Movement is another characteristic of living things. It does not always mean locomotion or movement from one place to another. In animals movement is quite obvious. We move our arms and legs; we also move from place to place. Most animals can move in this manner at least at some stage of their life. Movement in plants is not so obvious. However, if you observe plant cells under a microscope, you can see streaming movement of cytoplasm within them.
This is called cyclosis. Some plants like Mimosa and Venus's flytrap show obvious movements, as you have read before.The mode of locomotion in animals varies. Some lower animals move about by the beating of tiny hair like cilia or longer flagella. Some like amoebae move about using pseudopodia, which are temporary extrusions of cytoplasm. A few animals such as sponges, corals, oysters and certain parasites do not move from place to place.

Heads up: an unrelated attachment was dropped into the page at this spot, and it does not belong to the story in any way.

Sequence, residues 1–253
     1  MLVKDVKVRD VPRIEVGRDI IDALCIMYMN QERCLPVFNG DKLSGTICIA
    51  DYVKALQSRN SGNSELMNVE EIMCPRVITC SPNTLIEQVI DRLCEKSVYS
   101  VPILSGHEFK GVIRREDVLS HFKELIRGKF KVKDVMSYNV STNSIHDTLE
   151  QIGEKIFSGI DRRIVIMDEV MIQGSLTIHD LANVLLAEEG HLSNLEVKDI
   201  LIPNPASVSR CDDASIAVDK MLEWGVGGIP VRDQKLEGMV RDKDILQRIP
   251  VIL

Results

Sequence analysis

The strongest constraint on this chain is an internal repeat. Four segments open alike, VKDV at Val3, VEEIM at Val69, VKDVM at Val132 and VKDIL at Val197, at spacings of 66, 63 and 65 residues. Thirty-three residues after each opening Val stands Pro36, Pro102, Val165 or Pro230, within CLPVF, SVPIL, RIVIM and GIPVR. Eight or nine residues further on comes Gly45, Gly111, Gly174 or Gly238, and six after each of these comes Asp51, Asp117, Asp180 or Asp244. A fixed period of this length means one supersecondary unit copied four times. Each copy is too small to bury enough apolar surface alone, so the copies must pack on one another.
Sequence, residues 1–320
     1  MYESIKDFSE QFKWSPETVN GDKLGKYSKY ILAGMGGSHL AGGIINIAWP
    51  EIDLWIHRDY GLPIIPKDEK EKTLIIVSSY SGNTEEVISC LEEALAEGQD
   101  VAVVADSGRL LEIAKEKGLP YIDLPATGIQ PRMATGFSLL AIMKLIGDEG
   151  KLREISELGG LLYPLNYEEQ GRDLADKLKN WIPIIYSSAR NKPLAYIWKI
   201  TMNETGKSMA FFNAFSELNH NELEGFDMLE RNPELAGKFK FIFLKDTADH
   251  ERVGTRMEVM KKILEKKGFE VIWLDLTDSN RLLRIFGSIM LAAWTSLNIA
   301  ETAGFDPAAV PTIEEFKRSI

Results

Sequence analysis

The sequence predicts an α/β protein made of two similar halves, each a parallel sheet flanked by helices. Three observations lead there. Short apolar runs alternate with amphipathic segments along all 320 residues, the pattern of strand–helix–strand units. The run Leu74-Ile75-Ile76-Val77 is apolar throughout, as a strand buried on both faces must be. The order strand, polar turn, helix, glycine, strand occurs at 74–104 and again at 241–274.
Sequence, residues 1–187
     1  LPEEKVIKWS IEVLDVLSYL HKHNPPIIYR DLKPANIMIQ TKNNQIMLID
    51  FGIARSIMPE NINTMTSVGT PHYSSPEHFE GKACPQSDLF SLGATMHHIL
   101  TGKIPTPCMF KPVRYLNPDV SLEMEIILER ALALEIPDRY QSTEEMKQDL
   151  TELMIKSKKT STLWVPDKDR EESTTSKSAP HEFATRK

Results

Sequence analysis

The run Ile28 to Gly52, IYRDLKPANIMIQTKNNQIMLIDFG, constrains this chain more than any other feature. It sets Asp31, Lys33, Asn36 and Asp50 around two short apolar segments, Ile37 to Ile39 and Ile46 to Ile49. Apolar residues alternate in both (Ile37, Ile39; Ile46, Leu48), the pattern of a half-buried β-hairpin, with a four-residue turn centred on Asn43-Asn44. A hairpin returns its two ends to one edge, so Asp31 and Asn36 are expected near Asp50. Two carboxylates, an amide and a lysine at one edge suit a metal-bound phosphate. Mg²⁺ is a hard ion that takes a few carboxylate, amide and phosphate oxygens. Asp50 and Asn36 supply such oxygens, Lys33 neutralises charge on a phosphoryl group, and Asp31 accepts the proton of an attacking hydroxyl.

However, most of these have free swimming larval stages. Moreover, even in the sessile adults, cilia or flagella or tentacles move rhythmically.Thus you find that one or more of the above characteristics distinguish living things from the non-living. However, the most important of these criteria is reproduction because that is the most unmistakable characteristic of living things.